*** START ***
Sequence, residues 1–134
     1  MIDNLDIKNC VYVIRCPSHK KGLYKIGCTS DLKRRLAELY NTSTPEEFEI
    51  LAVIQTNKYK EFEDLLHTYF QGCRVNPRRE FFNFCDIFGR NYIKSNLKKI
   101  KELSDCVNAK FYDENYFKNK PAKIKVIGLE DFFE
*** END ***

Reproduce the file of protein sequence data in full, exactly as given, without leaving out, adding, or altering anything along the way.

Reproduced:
Sequence, residues 1–134
     1  MIDNLDIKNC VYVIRCPSHK KGLYKIGCTS DLKRRLAELY NTSTPEEFEI
    51  LAVIQTNKYK EFEDLLHTYF QGCRVNPRRE FFNFCDIFGR NYIKSNLKKI
   101  KELSDCVNAK FYDENYFKNK PAKIKVIGLE DFFE